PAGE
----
Are any of us asking the right questions?

Homes are being sold today across the country.  While the housing market in many areas of the country will likely remain challenged for the next fifteen to eighteen months, I believe that there is much more that each of us in the homebuilding industry can be doing to increase our sales and our profits,.

 My wife and I were in Chicago last month to attend a family wedding.  The bride was the daughter of my first cousin and the ninth of ten children in that generation to wed (only our older son remains single).  There were several dinners and other family gatherings over the extended wedding weekend but the event that is foremost in my mind is the rehearsal dinner at which my eldest cousin, who is 70 years old, introduced me to his friend as his “baby cousin”.  And that reminded me once again that we are all products of our environments and subject to the limitations and specific restrictions of any given situation. 

I spend a great deal of my time on the road with clients at their communities around the country and when I am home in Florida with my wife we will often meet people from her environment.  She is a school teacher, commonly known as Miss Stephanie, and I am often introduced to her students, past and present, and their families as “Mr. Stephanie”.   In New York, Tennessee or North Carolina I may be Daniel Levitan, well known strategic consultant and business coach to the homebuilding industry, but in south Florida I am “Mr. Stephanie” and in Chicago I am “Michael’s youngest cousin”.  Everything is relative and situational.

That brings me to the point of this blog – all members of the homebuilding team need to take the time to find out with whom we are dealing.  What are their individual needs, wants and desires, and how can we satisfy them to our mutual benefit?

For home sales professionals, we need to understand that the decision by potential home buyers to purchase or not purchase often is impacted greatly by their own background and situation as well as the timing of the moment.  When teaching the Institute of Residential Marketing Course I, Understanding Housing Markets and Consumers, I make it a point to expand on the basic course content which includes an introduction to VALS 2 (the Values, Attitudes, and Lifestyles system developed by the Stanford Research Institute).  However, if we are to be successful in selling housing, understanding and embracing that system is only a beginning.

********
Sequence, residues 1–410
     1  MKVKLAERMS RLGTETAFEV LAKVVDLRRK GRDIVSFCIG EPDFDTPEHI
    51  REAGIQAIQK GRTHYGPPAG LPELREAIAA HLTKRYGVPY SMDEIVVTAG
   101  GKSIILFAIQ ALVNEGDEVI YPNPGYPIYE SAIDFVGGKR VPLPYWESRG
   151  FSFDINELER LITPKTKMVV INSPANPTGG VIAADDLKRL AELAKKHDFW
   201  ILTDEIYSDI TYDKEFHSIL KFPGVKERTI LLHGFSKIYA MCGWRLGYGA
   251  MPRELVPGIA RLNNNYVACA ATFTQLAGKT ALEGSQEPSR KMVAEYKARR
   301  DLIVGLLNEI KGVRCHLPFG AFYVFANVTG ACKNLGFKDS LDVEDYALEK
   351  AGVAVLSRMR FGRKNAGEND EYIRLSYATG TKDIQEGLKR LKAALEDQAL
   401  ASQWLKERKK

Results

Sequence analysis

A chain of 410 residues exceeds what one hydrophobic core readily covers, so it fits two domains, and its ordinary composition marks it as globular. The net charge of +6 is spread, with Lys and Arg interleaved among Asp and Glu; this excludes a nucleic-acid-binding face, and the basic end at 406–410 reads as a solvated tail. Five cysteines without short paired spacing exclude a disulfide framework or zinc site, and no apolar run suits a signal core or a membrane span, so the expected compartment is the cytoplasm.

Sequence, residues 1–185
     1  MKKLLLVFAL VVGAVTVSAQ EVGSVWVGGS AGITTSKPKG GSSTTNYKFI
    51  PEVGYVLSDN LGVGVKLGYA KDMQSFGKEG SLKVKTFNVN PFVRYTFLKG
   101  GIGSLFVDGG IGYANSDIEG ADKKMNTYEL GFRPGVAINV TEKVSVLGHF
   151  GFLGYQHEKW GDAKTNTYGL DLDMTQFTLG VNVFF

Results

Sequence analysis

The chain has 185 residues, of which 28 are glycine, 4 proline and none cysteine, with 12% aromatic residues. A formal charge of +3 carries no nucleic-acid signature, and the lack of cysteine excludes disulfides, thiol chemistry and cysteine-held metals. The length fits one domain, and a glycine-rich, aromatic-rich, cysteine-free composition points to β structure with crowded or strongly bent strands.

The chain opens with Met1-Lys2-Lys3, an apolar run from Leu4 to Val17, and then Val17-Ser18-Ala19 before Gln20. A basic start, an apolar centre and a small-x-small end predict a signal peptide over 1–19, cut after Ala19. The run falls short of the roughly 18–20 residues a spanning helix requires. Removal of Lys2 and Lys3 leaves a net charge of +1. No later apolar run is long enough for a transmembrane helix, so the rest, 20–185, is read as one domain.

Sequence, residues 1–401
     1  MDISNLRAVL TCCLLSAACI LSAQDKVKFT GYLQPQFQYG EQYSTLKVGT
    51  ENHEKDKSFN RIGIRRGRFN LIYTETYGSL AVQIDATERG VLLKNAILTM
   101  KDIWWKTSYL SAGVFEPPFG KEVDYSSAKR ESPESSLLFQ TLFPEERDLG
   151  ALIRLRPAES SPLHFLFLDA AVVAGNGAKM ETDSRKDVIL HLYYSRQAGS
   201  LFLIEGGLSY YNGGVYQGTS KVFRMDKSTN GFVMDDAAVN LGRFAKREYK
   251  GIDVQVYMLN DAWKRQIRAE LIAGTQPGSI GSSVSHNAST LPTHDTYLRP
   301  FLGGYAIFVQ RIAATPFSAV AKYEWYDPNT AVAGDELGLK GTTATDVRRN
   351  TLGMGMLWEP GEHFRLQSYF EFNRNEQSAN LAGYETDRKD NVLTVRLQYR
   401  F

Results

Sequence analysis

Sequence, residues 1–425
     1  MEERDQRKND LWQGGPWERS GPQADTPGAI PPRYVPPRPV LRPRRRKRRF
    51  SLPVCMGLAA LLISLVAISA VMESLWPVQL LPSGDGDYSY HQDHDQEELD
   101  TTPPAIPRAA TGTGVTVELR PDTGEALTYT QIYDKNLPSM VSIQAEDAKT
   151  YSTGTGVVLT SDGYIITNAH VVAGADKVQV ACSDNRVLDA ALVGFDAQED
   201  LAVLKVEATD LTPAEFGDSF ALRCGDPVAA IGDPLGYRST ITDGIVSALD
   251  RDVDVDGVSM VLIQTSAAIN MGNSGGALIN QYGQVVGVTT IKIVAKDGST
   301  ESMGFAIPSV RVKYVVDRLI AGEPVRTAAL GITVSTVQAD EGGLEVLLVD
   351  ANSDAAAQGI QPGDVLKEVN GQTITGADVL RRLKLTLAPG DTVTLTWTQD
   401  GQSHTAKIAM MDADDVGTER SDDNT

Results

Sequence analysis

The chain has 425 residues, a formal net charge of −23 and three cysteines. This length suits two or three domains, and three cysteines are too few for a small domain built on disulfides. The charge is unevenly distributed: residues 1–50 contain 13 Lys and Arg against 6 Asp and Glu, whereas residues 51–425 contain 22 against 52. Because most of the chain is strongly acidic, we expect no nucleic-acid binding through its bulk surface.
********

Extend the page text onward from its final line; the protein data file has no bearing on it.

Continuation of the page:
One of the best ways that I know of to truly understand our homebuyers is to take the time to ask them questions.  During the sales process the visitor interview is essential in giving us direction to position our sales presentation to the individuals with whom we are dealing.  Do we understand their motivation in looking for a new home?  If not, how can we create a professional presentation that addresses their needs? Have we fully explored the prospects’ opinions on resales, short sales and foreclosures?  If not, how can we sell against these competitive opportunities?  The interview process requires training and coaching to get it right yet in the currently challenged housing market, many homebuilders have reduced their budgets for sales training and education.  

Equally important to understanding our markets is the post-sale interview to discover why our buyers purchased and why others did not and thereby prepare us for the next prospect to walk in the door.  But again, much of the consumer research that we used to regularly perform has fallen victim to the housing market and the economy and we are often not even asking the questions.

For homebuilders, a market study will show what home design and sizes need to be built and at what price they will sell.  But having that knowledge, how many builders take the time to work with their architects or home designers and subcontractors and suppliers, asking the question of “how can we best work together to hit this target pricing so that we may both prosper?”  And how many builders ask the developers “how can we best work together” when the indicated land residual, an absolute factor of the home selling price, is higher than can be afforded?

For developers who need the builders to create real value in the land, how many truly appreciate the limitations that homebuilders are facing today?  Financing of the land purchase and the home’s construction, often even when it is pre-sold, is difficult at best.  We may have purchased and even developed our ground in a stronger housing market which yields a book value well above what the homebuilder’s land residual will allow.  Are there alternatives to lowering the price of our land?  How many developers ask the builders “how can we best work together to have you build and sell homes in your community so that we may both profit?”   

And for consultants to the homebuilding industry, myself included, we need to stop selling and instead ask the question: “how can I best assist you in selling more homes and increasing your profitability?”  And the necessary follow-up question is: “understanding your current cash flow considerations, what is the best way to structure our relationship?”

 Unless we ask the correct questions we cannot obtain the answers we need to move forward, sell more homes and prosper.  But that’s just my opinion.

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4 thoughts on “Are any of us asking the right questions?

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  2. Dan,
    As usual you are spot on. One of the hardest things I have to transmit to sales people is to ask questions and wait for the answer instead of jumping in with their answer prematurely. I call the process “Discovery” and I believe it is the most important piece of both the Marketing effort and of the Sales effort. Well done, Dan.

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